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iPhone users: turn on new security feature


Apple has released a new security feature called Stolen Device Protection – and you should definitely turn it on, experts say.

Stolen Device Protection “adds a layer of security when your iPhone is away from familiar locations, such as home or work,” Apple said in a message announcing the new feature.

When the protection is enabled, some features and actions will have additional security requirements when your iPhone is in an unfamiliar location.

For example, if you’re not at home or work and try accessing stored passwords or credit cards, you will only be able to do so with biometric authentication, either Face ID or Touch ID. No passcode alternative or fallback will be offered.

Apple said that this would “prevent someone who has stolen your device and knows your passcode from making critical changes to your account or device.”

When Stolen Device Protection is enabled, some critical security actions such as changing your Apple ID password will also require you to wait an hour and then perform a second Face ID or Touch ID authentication.

“In the event that your iPhone is stolen, the security delay is designed to prevent a thief from performing critical operations so that you can mark your device as lost and make sure your Apple account is secure,” Apple said.

The security update is available with iOS 17.3 and must be turned on before your phone is lost or stolen, which means you should probably do it now. To enable Stolen Device Protection, follow these steps:

  • Go to Settings, then tap Face ID & Passcode
  • Enter your device passcode
  • Tap to turn Stolen Device Protection on or off

For the feature to work you must have two-factor authentication enabled for your Apple ID and have “significant locations” such as your work or home address set up on your iPhone’s Location Services. A device passcode is also necessary and Face ID or Touch ID, as well as Find My, must be enabled.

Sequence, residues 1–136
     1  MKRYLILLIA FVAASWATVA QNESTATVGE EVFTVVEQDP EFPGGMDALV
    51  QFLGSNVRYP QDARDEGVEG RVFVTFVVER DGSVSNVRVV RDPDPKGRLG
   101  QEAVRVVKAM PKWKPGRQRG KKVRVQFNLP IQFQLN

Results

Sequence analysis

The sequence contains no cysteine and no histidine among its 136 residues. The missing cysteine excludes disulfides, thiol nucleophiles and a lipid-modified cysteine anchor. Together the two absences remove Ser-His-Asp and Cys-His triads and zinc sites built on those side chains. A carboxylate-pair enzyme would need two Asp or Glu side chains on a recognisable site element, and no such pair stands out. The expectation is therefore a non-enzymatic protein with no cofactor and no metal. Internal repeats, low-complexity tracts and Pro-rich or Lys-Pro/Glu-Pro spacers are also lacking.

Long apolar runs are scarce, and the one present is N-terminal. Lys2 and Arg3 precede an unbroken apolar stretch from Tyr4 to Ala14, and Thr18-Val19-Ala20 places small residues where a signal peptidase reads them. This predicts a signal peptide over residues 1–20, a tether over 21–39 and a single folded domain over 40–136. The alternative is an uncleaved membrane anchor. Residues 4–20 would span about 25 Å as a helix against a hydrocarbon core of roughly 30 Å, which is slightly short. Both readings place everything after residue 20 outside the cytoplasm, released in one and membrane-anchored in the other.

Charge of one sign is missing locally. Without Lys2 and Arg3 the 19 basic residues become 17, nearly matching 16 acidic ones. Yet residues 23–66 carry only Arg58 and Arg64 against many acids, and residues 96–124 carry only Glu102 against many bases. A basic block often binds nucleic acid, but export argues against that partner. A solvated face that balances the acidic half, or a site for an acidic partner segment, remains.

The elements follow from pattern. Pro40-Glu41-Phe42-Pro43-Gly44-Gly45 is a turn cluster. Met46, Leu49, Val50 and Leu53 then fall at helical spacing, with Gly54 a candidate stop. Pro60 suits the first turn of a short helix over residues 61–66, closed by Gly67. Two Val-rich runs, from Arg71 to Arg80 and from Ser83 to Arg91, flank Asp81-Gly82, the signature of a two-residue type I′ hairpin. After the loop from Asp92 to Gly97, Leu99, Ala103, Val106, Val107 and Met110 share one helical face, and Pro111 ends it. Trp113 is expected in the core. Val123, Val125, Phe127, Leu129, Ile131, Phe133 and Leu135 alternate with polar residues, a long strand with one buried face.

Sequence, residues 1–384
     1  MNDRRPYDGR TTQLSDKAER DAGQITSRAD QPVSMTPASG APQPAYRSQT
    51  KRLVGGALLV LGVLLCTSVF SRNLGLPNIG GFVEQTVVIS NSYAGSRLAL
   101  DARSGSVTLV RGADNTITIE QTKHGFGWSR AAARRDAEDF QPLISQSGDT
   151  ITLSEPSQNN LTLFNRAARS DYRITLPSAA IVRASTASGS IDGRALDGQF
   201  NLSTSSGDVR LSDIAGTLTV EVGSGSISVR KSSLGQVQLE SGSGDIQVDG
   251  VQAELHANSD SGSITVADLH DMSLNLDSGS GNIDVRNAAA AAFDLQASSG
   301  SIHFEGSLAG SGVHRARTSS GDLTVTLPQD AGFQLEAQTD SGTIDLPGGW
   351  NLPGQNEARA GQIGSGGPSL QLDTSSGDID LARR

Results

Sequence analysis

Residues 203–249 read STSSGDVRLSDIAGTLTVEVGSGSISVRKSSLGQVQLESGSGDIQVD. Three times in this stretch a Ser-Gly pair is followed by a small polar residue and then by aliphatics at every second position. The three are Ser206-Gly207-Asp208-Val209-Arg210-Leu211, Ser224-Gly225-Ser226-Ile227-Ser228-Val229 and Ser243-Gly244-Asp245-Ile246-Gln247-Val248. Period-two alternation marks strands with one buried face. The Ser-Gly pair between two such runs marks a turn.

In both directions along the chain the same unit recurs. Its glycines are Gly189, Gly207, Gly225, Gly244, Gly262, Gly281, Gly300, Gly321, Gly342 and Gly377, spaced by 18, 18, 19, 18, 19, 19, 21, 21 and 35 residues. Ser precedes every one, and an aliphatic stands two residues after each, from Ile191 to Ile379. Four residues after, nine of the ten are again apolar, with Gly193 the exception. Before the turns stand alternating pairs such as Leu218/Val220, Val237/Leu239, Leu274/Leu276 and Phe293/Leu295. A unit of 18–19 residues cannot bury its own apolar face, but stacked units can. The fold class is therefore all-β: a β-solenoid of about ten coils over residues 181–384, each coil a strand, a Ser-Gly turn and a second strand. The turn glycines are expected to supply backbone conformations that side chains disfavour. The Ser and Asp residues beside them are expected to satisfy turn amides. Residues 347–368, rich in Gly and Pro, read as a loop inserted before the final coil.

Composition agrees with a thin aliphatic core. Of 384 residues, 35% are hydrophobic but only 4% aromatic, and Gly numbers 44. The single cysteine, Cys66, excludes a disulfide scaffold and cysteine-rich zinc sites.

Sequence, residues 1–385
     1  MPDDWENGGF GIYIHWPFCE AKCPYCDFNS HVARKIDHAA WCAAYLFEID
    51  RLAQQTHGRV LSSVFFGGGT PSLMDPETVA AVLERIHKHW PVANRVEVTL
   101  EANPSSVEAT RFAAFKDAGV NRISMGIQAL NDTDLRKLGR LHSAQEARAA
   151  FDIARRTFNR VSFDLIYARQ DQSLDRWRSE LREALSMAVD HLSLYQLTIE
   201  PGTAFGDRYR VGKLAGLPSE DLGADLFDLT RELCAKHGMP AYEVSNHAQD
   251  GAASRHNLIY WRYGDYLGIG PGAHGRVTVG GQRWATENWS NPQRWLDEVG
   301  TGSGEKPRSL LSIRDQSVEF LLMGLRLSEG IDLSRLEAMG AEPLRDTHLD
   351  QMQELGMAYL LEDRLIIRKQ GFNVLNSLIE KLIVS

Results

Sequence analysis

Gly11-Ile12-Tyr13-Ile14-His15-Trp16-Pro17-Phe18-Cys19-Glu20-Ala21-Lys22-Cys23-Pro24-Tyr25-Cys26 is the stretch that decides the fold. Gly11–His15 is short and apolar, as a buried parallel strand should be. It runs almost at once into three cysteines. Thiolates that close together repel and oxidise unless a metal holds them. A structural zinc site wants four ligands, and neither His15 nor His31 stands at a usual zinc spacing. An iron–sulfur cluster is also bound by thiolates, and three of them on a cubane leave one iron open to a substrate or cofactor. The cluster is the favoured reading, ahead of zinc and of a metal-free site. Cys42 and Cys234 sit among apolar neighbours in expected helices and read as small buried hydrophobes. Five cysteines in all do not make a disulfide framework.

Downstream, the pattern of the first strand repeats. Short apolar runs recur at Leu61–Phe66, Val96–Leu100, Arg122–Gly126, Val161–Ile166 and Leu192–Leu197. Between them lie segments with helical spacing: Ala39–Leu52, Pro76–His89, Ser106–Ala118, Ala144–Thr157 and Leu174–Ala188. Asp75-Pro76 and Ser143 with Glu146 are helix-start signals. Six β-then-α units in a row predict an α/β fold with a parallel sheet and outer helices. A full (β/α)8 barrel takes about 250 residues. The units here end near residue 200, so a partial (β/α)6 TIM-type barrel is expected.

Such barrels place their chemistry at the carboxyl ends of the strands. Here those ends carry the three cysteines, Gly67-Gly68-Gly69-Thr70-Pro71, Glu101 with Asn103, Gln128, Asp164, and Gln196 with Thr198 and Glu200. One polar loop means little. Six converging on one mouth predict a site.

New feature “strong deterrent”

Stolen Device Protection provides a “strong deterrent” against thieves even if they manage to unlock the device, according to Lisa Plaggemier, executive director at National Cybersecurity Alliance, a Washington-based nonprofit.

“Enabling Apple’s Stolen Device Protection is one small but meaningful step we can take to improve mobile security hygiene,” Plaggemier said, adding it was “highly advisable” to turn on this new feature.

“For most device owners, the minimal setup effort will provide a welcome peace of mind along with extra defenses that protect sensitive personal information,” she said.

Michael Covington from Jamf, a cybersecurity company specializing in securing Apple devices, said he would also “strongly recommend” users turn on Stolen Device Protection.

The new feature is based on a “well-established security principle of trust but verify” and is important as “increasing amounts of personal and business data are processed by mobile devices,” he said.

“Without multiple layers of protection, thieves would be able to access a user's entire digital life, from personal photos to bank accounts and emails, just with a PIN code, which is easily observed when the phone is used in public spaces,” Covington said.


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